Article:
in the Revolutionary War, in which he distinguished
himself by his bravery, and was the close friend of
Gen. Washington. Upon laying down the sword
he took up his residence in Mt. Pleasant, Canada,
where he spent the last years of his life, and was
gathered to his fathers at a ripe old age.

A member of the Democratic party during his
early manhood, Mr. Adams identified himself with
the Republicans after their organization, in 1856,
and has since been one of the warmest adherents of
this party. While in Iowa he served as Trustee of
Cedar Falls Township, and was also Justice of the
Peace there a number of years.

GEORGE CARROTHERS. One of the most
popular men in the village of Valley Center
is the Individual whose name heads this
sketch, who is the present Postmaster. He was first
commissioned to this office in 1875, and held it
until 1880, when he was removed, but in October,
1885, was reinstated, and has occupied the position
ever since. He transacts all the business of the
office, with the assistance of his estimable wife.

Mr. Carrothers is a native of Coshocton County,
Ohio, born Feb. 15, 1843, and is the son of James
iind Elizabeth ( Brookover) Carrothers. His parents
were natives of Ohio and Maryland respectively,
and died, the father in 1856 and the mother about
1871. The ancestors of the Carrothers were Irish,
but the parents of Mrs. Elizabeth Carrothers were
Eastern people, who removed from Mai-yland to
Ohio when she was about six years of age. James
Carrothers, the father of our subject, was reared to
the occupation of a farmer, but in his young man-
hood commenced and served out an apprenticeship
at carpentering, and for some years followed that
trade. In his later years, however, he went back to
the business in which he had been bred, which he
followed successfully until a few years before his
death, when he retired from the active cares of life.
For three successive years, in Ohio, he was engaged
in grading and building bridges, etc., on what was
called the Steubenville & Ohio Railroad, but which
is now known as the " Panhandle Road." By these


contracts he amassed considerable money, and was
counted among the wealthy and influential citizens
of that part of the country. Both he and his wife
were members of the Presbyterian Church, and held
connection with that denomination for a great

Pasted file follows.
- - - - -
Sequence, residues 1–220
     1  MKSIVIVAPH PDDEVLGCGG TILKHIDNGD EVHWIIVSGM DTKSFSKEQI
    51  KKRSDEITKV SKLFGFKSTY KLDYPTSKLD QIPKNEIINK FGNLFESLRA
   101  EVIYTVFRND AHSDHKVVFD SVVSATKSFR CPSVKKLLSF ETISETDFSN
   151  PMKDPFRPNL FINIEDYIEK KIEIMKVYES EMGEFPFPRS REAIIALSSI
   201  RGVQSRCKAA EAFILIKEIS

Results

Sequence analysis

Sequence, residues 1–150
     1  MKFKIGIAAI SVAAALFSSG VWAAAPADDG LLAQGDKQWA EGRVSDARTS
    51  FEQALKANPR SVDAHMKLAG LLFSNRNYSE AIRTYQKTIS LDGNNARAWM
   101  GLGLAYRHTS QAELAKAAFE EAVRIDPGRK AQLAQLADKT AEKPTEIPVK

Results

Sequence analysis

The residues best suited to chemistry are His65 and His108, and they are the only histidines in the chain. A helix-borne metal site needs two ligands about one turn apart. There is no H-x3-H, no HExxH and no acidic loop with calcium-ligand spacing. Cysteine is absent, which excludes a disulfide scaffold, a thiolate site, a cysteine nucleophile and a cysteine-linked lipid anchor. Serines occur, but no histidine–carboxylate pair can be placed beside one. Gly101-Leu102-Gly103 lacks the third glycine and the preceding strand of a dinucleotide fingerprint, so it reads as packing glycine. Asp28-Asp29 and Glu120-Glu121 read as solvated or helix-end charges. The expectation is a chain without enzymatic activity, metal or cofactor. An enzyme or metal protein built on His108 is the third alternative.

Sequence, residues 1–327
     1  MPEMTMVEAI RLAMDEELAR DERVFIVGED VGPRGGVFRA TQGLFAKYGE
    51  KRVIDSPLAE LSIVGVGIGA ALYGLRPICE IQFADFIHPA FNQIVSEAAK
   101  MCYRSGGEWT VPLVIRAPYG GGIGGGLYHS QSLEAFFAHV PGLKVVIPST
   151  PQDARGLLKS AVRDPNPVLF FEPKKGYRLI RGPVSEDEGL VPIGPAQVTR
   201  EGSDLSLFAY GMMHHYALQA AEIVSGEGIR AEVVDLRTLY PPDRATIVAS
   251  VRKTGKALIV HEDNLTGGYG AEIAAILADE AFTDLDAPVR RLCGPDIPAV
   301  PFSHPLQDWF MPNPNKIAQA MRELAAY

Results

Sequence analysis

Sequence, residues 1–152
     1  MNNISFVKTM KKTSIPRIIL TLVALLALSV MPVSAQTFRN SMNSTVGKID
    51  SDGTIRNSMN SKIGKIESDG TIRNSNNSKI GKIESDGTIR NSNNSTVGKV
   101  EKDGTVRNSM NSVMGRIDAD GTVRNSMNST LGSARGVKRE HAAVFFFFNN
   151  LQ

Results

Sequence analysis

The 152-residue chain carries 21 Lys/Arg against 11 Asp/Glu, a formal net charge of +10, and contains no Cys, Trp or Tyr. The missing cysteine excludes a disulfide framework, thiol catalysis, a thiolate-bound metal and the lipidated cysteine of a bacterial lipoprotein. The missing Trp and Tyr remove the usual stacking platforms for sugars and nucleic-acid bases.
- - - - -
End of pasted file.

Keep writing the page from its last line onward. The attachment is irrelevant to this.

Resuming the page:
number of years, and Mr. Carrothers was one of
the leading men of the society. He was a Demo-
crat in politics, and quite influential in all local
affairs in the precinct and county where he lived.
He was the father of eleven children, namely:
Ruth R., Archibald, John L., James T., Elizabeth J.,
William, George, Mary E., Aton, Robert and
Nancy E. Of these children, Archibald, James,
William and Mary are deceased.

The subject of this personal memoir, George,
remained at home with his parents, assisting his
father on the farm, and during his boyhood drew
his education from the common district schools.
At the age of nineteen he commenced the battle of
life on his own account, working wherever he could
find employment at farming for about three years,
after which he went to Illinois and located in Ma-
con County, where he followed the same avocation.
From that place, a year later, he removed to Moul-
trie County, in the same State, where he made a
stay of about four years and then went to Piatt
County. After four or five years spent in the bit-
ter locality, in 1875, with a view to better his fort-
unes and to obtain a place where he could extend
his efforts toward a competency, he came to Kansas
and located in the village of Valley Center, where
he engaged in the mercantile business. This voca-
tion he continued until 1883, when he retired for
a short time and was then, as mentioned above, ap-
pointed to the office of Postmaster.

Mr. Carrothers was united in marriage, April 19,
1876, with Miss Nellie Litson, a native of Jefferson
County, Ind., who was born Aug. 10, 1857, and is
the daughter of William H. and Helen (Fenton)
Litson. who are farmers in Butler County, her father
being one of the prominent and representative citi-
zens of that portion of Southern Kansas. Mrs.
Carrothers is one of a family of eight children born
to her parents, whose names are as follows : Will-
iam H., James F., Nellie, Elizabeth, Andrew D.,
George M., Frank and Emma; the latter died
May 14, 1874. Mr. and Mrs. Carrothers have been




' 894



the parents of three children — Jessie, Edna B. and
Rosie G. ; the last named died Jan. 26, 1885, and
Edna died Nov. 14, 1885; they are both buried in
Maple Grove Cemetery, in Grant Township; Jessie
is living at home with her parents, and attending
the district school.

Our subject is a stanch administration Democrat
and adheres closely to the principles as laid down
by Thomas Jefferson. He is one of the most popu-
lar and influential citizens of the village and town-
ship, and possesses the confidence and esteem of
everybody. For two years he was a member of
the City Council, being one of the first who was
elected to that otlice after the incorporation of Val-
ley Center, and held the position until the spring of
1887. He is a member of the I. 0. O. F., Valley
Center Lodge No. 223.

ILLIAM R. ALBERTSON, a lively repre-
sentative of the agricultural interests of
Valley Center Township, is operating on
320 acres of land on sections 9 and 10, and in addi-
tion to the ordinary cultivation of the soil he is
giving considerable attention to the raising of
blooded stock, usually keeping a herd of from fif-
teen to twenty head of fine cattle, besides horses
and swine.

The farm of our subject includes 320 acres of
land, occupying a part of sections 9 and 10, where
he located in August, 1882. He spent his early
years in Wayne County, Ind., where he was born
Sept. 21, 1831. and is consequently little past his
prime, and finds himself watching with the interest
of twenty years ago the growth and development
of the great West. He is the offspring of a good
old family, being the son of Joshua and Abigail
(Ratliff) Albertson, who were natives of North
Carolina, where the father acquired his first knowl-
edge of farming and subsequently learned the trades
of carpenter and millwright. They removed to
Indiana during the early settlement of Wayne
County, where the elder Alliertson erected many of